By Justin Biel, trends editor at Grow Wire
- Howard Schultz was able to develop a culture of employee respect through his transformational leadership style, leaving behind an example for other business owners.
- Schultz has a belief in intellectual stimulation, which led him to create a brand that broke the norms of coffee culture.
- Secondly, he has a clear vision, which resulted in a company culture with a strong employee focus.
Howard Schultz is a transformational leader who kicked off the U.S.’s second coffee revolution. His employee-focused leadership style left a template for other business owners to follow as they grow their own enterprises, and Schultz grew a global brand in the process.
Spurred by his brand vision, Schultz reinvigorated the coffee industry while building one of the world’s largest coffee chains with an employee-centric team. He used two classic transformational leadership practices to do this.
1. Intellectual stimulation
Transformational leaders like Schultz are marked by a belief in intellectual stimulation. They aren’t afraid to rock the boat, prefer a flow of new ideas and challenge status quo.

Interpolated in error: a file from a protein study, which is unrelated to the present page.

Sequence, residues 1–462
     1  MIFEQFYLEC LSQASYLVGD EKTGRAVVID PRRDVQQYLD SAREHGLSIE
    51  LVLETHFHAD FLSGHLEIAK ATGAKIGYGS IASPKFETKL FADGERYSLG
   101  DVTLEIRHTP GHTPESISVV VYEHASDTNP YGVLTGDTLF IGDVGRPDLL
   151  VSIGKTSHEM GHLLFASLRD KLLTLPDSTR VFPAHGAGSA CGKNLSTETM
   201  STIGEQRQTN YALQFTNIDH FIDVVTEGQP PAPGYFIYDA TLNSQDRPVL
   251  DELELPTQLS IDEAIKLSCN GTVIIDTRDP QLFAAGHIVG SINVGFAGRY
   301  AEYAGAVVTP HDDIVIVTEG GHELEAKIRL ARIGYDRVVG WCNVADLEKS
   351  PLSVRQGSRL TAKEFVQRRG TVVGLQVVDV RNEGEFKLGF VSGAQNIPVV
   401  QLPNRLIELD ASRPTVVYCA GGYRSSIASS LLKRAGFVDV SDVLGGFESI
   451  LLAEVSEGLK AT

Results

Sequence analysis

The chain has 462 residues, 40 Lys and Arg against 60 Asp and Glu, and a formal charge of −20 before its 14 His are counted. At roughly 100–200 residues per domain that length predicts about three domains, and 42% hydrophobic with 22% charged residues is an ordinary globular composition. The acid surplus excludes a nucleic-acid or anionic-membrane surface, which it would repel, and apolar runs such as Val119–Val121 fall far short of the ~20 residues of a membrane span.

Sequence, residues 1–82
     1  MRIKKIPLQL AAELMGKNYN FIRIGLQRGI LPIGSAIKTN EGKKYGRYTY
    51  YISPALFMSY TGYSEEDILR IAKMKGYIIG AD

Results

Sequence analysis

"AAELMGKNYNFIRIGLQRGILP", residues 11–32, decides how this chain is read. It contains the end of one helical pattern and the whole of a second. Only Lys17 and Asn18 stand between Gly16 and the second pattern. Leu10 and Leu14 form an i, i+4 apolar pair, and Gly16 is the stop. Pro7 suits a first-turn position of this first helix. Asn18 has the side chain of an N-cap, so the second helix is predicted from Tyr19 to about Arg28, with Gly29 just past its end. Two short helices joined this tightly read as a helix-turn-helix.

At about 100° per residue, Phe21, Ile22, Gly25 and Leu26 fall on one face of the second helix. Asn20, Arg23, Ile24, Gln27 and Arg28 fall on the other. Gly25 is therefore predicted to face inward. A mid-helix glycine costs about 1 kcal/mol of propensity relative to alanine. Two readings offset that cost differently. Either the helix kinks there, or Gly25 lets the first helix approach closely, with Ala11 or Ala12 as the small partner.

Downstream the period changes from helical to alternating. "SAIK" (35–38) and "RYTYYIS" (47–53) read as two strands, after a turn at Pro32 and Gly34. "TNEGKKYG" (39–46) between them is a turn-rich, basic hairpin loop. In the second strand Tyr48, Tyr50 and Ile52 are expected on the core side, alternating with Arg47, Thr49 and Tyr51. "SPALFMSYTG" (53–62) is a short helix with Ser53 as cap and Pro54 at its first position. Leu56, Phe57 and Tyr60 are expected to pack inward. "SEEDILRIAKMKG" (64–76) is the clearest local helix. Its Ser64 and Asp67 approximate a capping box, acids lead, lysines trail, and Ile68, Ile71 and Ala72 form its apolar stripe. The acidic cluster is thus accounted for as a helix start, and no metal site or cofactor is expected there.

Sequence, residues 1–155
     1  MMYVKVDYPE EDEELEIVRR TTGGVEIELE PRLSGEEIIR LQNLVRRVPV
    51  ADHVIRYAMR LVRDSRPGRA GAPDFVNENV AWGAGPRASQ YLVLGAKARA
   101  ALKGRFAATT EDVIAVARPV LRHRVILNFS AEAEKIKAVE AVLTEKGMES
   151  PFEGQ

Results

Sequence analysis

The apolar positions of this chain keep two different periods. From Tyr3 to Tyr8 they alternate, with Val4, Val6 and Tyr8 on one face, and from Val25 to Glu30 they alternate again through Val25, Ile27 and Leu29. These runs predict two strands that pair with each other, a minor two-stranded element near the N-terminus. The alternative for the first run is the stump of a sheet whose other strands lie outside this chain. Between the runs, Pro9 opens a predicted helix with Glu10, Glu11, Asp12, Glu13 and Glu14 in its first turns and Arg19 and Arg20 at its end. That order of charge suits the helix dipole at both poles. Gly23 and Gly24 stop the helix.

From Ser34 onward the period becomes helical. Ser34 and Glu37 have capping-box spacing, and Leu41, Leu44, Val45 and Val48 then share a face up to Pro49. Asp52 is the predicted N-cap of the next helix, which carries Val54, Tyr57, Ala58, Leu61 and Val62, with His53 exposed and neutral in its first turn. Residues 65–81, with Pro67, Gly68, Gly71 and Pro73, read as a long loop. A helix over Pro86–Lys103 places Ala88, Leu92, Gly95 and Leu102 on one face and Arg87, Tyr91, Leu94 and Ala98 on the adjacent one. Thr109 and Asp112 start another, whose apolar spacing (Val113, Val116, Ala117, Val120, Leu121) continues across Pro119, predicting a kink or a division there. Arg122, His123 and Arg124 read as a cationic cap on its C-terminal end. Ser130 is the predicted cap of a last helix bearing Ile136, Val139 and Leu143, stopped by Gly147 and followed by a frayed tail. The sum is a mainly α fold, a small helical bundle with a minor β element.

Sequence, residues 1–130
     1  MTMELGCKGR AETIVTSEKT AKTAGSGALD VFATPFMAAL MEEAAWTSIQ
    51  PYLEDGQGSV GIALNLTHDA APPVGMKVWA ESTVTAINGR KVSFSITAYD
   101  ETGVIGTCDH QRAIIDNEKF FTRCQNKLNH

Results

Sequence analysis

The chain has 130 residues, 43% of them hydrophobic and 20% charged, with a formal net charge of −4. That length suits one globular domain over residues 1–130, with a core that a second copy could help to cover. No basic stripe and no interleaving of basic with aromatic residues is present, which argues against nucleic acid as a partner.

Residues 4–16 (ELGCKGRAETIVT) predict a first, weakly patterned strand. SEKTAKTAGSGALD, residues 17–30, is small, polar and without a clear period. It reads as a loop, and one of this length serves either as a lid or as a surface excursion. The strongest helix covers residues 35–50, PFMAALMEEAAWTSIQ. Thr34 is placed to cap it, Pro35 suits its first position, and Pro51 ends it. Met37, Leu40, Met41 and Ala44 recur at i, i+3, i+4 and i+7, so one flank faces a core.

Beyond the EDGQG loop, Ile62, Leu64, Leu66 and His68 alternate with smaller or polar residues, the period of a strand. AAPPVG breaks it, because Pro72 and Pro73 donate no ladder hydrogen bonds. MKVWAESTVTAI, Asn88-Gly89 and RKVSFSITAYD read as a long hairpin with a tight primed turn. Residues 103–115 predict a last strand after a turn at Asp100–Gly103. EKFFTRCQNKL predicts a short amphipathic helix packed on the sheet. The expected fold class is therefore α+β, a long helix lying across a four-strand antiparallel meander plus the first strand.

Schultz certainly challenged the status quo with his plan to create Americans’ “third place,” the most-visited site after home and work. This was unheard of in corporate coffee culture at the time. The "third place" concept involved retail locations with inviting decor, calming music and famously speedy Wi-Fi so patrons would feel at home. Whereas other grab-and-go food stops are less inviting, Shultz was bold enough to imagine a place that felt more like home. This helped him become a category king of coffee chains.
2. Clear vision
Transformational leaders also have high motivation and a clear vision, which they share openly with their teams.
Schultz had motivation to develop a massive company and, more prominently, a vision of supporting his employees. He instituted new programs to support workers, including health benefits for part-time workers, tuition assistance, veterans hiring and an employee stock purchase program.
Schultz’s focus on employees came largely from memories of his father, who worked as a truck driver. When Schultz was seven years old, his father broke his ankle and lost his job. The family suddenly had no income. The experience stuck with Shultz, and later, when building his own brand, employee fulfillment and dignity became a top priority.
Schultz explained his dual focus -- profits and, more importantly, people -- on a Marketplace podcast in 2014.
"I feel strongly that we have demonstrated that we are a performance-driven company… At the same time, we have done all this through the lens of humanity, and that's what I'm most proud of,” Schultz told Marketplace.
Strong leadership qualities propelled Schultz forward, allowing his company to differentiate itself and usher in the second wave of the coffee revolution. We can't wait to see what the "third wave" of his career holds.
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